literature divided his interest with the production of literature, and
he carried the unusual gift of a rare critical power, joined to hearty
spontaneous creation. It may indeed be guessed that the keenness of
judgment and incisiveness of wit which characterize his examination of
literature sometimes interfered with his poetic power, and made him
liable to question his art when he would rather have expressed it
unchecked. One of the two books was a volume of poems; the other was a
prose work, _Conversations on Some of the Old Poets_. He did not keep
this book alive; but it is interesting as marking the enthusiasm of a
young scholar treading a way then almost wholly neglected in America,
and intimating a line of thought and study in which he afterward made
most noteworthy venture. Another series of poems followed in 1848, and
in the same year _The Vision of Sir Launfal_. Perhaps it was in
reaction from the marked sentiment of his poetry that he issued now a
_jeu d'esprit, A Fable for Critics_, in which he hit off, with a rough
and ready wit, the characteristics of the writers of the day, not
forgetting himself in these lines:

There is Lowell, who's striving Parnassus to climb
With a whole bale of _isms_ tied together with rhyme;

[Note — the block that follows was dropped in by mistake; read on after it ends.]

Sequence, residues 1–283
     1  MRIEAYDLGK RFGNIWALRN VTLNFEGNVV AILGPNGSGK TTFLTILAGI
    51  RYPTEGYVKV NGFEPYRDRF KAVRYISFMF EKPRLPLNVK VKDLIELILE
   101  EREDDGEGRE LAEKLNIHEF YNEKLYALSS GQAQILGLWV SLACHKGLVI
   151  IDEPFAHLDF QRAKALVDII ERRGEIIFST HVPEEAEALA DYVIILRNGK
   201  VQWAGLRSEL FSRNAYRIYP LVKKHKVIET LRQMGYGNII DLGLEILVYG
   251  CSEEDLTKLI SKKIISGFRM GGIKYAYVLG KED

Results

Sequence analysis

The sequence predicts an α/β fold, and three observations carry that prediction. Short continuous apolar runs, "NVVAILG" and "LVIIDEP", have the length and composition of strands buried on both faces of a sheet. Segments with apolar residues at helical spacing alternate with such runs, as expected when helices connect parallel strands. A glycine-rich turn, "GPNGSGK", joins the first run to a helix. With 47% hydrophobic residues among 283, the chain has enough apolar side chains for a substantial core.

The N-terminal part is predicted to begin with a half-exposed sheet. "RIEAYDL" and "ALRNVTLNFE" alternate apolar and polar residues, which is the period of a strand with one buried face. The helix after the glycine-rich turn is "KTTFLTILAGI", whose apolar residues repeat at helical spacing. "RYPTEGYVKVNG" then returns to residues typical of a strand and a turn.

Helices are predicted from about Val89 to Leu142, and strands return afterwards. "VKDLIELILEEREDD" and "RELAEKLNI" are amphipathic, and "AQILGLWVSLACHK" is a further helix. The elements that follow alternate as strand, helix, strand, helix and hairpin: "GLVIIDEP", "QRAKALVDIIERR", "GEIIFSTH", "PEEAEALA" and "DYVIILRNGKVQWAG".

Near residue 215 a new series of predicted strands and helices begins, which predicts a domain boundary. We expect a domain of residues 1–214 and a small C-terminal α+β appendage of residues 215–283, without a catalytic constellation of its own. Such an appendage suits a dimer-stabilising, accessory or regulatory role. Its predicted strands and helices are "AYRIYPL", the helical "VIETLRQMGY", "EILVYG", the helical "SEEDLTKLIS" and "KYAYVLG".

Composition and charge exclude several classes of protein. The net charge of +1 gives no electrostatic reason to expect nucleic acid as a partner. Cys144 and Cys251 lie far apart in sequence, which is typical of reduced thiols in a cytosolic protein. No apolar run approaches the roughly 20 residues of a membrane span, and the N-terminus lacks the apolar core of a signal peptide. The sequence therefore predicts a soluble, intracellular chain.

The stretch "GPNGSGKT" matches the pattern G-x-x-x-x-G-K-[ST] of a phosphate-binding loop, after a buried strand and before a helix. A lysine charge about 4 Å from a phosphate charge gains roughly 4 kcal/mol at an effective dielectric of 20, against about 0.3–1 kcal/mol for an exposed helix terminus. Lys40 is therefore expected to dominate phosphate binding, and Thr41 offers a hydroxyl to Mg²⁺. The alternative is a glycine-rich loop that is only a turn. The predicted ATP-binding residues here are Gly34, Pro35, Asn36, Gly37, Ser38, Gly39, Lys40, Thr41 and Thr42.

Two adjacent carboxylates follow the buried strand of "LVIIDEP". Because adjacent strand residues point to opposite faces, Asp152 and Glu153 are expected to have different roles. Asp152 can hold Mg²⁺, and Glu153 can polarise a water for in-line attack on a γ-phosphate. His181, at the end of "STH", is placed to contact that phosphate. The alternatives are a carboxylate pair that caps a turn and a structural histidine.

He might get on alone, spite of brambles and boulders,
But he can't with that bundle he has on his shoulders;
The top of the hill he will ne'er come nigh reaching
Till he learns the distinction 'twixt singing and preaching;
His lyre has some chords that would ring pretty well,
But he'd rather by half make a drum of the shell,
And rattle away till he's old as Methusalem,
At the head of a march to the last new Jerusalem.

This, of course, is but a half serious portrait of himself, and it
touches but a single feature; others can say better that Lowell's
ardent nature showed itself in the series of satirical poems which
made him famous, _The Biglow Papers_, written in a spirit of
indignation and fine scorn, when the Mexican War was causing many
Americans to blush with shame at the use of the country by a class for
its own ignoble ends. Lowell and his wife, who brought a fervid
anti-slavery temper as part of her marriage portion, were both
contributors to the _Liberty Bell_; and Lowell was a frequent
contributor to the _Anti-Slavery Standard_, and was, indeed, for a
while a corresponding editor. In June, 1846, there appeared one day in